First, I need a better understanding of the data. Were the forces measured as the values in the first column were increasing or decreasing? Was the increase in the first column really a step function (increase of 0.02 for the first four measurements, then 0.03 for three measurements, then 0.04 for five measurements, etc.) or was it smoother and we’re seeing (admittedly slight) rounding errors? There is a discontinuity in the curve, which appears as a small bump between X=0.9 and 1.0, but on a log log plot it looks like there was some slippage in X. Also, the point with zero force looks like it’s measured at a greater X than eyeball extrapolation of the last four or five points would warrant. Zoom in on the poly fit and you should be disturbed. The fit at the very top is also irregular, but not as much so. If all you care about is interpolating to generate a standard curve, then this is probably okay. But you ought to rerun the measurements and see if the discontinuity and the behavior at the ends are replicable.

First, I think you’re ignoring the physics of the problem (error 5). This is a force-vs-displacement curve, right? Well, forces might have a coefficient for either 1/d² or for d, where d is corrected for an offset, and other residuals are related to error or non-uniformity in the system being measured. Is there a physical model for how the data should behave?

There’s also an issue of overfitting (error 4). A sixth order polynomial is generally not physically justified.

The discrepancy between your calculated values and the data is related to the precision of the equation of the fit (error 2). You can also improve this by not manually entering the coefficients (error 3).

I assume you didn’t commit the first error (using a line chart). The fit on an XY chart is visually much better, and R² is slightly better, than on a line chart.

An example of non-uniformity or of measurement errors is the bump between .9 and 1.0.

Uday Kumar says

Sunday, May 1, 2011 at 12:31 pmHello Jon,

Sorry for the confusion created. so let me make my question clear by explaining a little bit of physics behind it.

I have a system of molecules and there is a wall initially placed at infinity. I bring the wall gradually from infinity to some distance near to molecules. I have to calculate total work done in bringing wall. The interaction between wall and system particle is governed by a force which reduces to zero at infinity and then keeps increasing as you bring it closer.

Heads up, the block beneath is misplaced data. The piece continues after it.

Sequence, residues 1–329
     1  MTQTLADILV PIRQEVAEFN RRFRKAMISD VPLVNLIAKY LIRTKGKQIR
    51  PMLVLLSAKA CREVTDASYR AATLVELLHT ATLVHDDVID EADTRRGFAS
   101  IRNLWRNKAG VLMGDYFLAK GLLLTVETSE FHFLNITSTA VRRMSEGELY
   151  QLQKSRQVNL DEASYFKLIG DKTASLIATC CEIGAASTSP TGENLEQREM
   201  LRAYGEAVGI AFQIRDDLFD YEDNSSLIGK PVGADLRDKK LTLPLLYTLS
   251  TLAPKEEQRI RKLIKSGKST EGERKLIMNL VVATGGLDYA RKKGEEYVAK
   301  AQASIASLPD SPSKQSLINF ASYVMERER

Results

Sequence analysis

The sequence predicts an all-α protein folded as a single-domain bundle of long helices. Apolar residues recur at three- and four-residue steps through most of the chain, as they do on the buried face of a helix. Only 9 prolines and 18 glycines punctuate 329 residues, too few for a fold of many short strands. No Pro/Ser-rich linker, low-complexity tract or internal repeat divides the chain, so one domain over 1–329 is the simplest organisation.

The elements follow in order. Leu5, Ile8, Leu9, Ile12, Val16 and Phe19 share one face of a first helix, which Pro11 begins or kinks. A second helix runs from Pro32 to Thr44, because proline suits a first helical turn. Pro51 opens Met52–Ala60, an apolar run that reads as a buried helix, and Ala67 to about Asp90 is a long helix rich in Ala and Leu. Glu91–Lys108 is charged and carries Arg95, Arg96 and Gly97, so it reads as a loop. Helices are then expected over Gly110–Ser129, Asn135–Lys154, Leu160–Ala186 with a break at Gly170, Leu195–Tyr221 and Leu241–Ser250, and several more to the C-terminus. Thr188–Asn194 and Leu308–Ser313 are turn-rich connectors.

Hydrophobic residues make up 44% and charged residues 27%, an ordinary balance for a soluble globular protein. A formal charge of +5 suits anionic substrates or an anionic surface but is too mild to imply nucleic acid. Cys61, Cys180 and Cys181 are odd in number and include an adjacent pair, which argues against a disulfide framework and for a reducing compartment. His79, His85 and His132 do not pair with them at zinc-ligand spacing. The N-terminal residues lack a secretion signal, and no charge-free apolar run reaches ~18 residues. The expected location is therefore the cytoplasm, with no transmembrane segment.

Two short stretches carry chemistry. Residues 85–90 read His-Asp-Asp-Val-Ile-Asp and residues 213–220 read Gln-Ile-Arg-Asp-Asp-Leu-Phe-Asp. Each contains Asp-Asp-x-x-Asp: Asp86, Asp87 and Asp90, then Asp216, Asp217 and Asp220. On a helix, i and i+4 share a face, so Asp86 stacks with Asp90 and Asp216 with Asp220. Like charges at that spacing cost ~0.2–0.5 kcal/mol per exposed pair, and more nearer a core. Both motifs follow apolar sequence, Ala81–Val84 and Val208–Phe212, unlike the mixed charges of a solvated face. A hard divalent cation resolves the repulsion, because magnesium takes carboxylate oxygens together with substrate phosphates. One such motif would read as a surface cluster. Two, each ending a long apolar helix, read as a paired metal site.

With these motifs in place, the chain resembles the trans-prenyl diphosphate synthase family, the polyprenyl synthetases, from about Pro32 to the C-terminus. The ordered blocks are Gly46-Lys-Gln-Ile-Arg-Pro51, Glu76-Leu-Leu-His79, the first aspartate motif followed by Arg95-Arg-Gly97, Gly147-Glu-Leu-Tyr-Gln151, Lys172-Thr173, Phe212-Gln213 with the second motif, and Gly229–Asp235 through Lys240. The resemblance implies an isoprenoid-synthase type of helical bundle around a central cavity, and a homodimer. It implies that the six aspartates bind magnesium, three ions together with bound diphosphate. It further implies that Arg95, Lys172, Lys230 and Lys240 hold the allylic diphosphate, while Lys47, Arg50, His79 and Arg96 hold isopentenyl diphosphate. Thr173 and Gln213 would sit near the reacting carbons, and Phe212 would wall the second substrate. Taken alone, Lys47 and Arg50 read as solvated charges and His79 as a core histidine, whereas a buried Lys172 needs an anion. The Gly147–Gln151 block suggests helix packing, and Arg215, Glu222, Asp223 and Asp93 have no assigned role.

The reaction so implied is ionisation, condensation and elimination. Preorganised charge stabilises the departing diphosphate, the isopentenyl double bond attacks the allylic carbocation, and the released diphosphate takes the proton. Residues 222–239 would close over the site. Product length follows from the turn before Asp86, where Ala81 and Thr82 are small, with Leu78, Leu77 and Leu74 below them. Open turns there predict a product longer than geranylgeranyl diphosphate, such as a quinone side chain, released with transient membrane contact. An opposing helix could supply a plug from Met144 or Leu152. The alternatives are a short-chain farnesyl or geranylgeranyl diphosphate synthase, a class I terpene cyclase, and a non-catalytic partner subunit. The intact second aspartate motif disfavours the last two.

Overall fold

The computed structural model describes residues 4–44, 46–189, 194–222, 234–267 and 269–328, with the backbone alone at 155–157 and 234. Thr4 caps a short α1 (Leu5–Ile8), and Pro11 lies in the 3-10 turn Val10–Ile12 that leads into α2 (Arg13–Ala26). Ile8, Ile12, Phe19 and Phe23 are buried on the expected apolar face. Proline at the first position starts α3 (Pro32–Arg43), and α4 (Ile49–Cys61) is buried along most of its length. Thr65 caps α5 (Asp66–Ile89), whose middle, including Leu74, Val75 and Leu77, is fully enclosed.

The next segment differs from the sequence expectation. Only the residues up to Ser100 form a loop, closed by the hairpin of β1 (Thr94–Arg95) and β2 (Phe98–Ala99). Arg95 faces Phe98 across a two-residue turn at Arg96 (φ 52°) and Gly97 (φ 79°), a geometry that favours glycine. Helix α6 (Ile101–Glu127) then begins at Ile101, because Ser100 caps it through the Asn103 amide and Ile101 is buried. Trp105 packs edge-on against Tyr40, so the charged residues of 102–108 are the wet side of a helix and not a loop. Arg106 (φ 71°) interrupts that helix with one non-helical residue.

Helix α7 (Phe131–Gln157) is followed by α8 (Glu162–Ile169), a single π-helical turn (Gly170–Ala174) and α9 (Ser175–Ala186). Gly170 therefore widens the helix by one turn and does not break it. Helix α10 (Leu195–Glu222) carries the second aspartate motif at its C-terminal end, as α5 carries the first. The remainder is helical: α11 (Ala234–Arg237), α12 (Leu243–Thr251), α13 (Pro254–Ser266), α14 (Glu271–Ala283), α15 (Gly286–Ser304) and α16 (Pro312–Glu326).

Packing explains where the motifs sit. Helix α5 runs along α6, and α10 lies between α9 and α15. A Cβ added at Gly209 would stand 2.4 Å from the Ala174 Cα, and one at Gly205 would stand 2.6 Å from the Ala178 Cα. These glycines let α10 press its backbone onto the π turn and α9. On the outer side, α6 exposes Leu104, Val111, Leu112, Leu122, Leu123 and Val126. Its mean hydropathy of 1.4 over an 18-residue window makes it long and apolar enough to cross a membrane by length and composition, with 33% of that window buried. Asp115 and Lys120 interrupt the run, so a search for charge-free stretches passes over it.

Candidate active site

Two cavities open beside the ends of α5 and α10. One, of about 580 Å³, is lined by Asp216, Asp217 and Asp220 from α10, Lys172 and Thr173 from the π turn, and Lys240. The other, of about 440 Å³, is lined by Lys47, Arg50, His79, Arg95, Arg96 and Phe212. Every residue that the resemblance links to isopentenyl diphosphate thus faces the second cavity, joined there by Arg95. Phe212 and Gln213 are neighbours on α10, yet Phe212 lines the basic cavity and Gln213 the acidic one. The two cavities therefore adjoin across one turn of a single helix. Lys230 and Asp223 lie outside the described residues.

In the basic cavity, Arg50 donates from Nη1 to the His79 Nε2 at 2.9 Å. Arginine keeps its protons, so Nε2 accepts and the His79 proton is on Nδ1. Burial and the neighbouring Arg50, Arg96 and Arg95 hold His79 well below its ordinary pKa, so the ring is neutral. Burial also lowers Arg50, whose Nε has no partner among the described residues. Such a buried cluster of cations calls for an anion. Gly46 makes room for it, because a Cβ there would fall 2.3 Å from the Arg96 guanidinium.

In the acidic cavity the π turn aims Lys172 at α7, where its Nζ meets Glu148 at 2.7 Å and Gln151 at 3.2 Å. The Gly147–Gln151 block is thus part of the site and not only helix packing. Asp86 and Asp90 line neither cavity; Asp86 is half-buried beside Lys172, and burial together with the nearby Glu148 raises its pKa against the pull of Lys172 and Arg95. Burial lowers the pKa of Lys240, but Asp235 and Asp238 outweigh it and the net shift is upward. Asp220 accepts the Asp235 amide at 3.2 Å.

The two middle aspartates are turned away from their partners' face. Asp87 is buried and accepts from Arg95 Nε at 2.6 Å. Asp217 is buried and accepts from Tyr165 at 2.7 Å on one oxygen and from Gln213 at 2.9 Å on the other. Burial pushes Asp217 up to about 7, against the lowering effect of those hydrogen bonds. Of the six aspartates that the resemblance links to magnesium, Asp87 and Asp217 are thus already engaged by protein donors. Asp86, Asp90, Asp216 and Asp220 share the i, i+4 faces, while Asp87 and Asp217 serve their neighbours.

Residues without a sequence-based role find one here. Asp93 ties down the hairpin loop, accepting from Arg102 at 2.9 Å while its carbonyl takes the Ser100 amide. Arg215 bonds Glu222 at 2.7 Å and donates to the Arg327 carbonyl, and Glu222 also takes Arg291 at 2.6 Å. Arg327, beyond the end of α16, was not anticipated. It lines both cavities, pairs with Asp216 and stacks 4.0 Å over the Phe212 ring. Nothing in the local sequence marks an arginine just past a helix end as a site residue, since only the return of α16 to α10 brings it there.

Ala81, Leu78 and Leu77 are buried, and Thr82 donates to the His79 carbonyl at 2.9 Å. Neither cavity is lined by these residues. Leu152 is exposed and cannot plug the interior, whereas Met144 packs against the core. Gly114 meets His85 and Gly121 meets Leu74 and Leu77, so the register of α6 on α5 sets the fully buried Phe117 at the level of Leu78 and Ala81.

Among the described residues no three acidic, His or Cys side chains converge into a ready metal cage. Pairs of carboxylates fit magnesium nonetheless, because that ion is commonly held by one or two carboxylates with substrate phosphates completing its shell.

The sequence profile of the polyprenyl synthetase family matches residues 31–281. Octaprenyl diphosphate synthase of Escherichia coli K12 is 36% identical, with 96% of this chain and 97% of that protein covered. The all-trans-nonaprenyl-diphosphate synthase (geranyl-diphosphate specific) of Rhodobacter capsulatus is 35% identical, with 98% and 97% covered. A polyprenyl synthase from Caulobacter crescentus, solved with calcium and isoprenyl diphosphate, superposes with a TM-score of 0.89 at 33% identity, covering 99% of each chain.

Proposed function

Now, for practical purpose, infinity means z= 1.22(column 1), so the force is zero (2nd column). then it increases as you decrease z until z=0.59 then again it decrease. The last data (z=0.57) is explainable for my system as at so close distance wall will destabilize the molecule.

But any way, whatever be the nature of data, my intention was to get a best fit trendline which in this case happened to be a 6 degree polynomial on xy chart as mentioned earlier too. With this , I wanted to calculate area under the curve (Total work done) by simple definite integration from 0.57 to 1.22.

I used linest to get coefficients, then i expanded it to 15 digits precision and then calculated y value from this fitted line corresponding to an x value. It was bizarre!

For better understanding I put my data in good precision below (column 1 is z and 2 is force)–

5.70E-01 8.45002963900E+00

5.90E-01 8.59978043600E+00

6.10E-01 8.40686574200E+00

6.30E-01 8.22601760400E+00

6.60E-01 6.81293026500E+00

6.90E-01 5.41986090200E+00

7.20E-01 4.10282183800E+00

7.60E-01 2.53566658100E+00

8.00E-01 1.48921823300E+00

8.40E-01 8.52721285200E-01

8.80E-01 5.06784985200E-01

9.20E-01 3.41086346700E-01

9.70E-01 3.17832630000E-01

1.02E+00 1.95372219600E-01

1.07E+00 1.14643531000E-01

1.12E+00 6.02774290400E-02

1.17E+00 1.13115969100E-02

1.22E+00 0.00000000000E+00

So, irrespective of physics my basic questions are following —

1. if a trendline seems to fit very well by visually looking and by R^2 value, then why does the trendline equation not outputs a value nearer to the sample data.

2. If the deviation is so high between trendline equation generated data (you may plot and see my data) and sample then what it this equation being flashed on the chart and how do i believe it if it is correct.

3. How can i calculate area under the curve for discrete and irregular interval data (like mine) ?

In fact, I would be grateful if you answer at least Q3.

Thank you

uday kumar

Jon Peltier says

Monday, May 2, 2011 at 12:02 amUday –

I’ve worked through the exercise in Area Under a Fitted Curve.

uday kumar says

Tuesday, May 3, 2011 at 2:05 amMany many thanks to you jon for answering expeditiously.

Actually, as you have written , the area can be calculated by trapeziod rule also; i knew this. But i got interest in trendline for two reasons- first, i saw that it fit the data very well (R^2=0.9996), so instead of calculating area using trapeziod rule, which is relatively more cumbersome than definite integral of a polynomial, I was tempted to use trendline equation; second- when trendline equation did not give the same y value or even near to actual y value then i was intrigued that why did it happen if it fitting so well.

As you have suggested in this post, I increased the precision of co-coefficients but even then i did not get the value near to actual value. Then i thought there is some problem with equation itself and i raised question on the equation.

Now when you plotted the fitted value using the trendline equation it is very much matching. at least it is not as far as i was getting.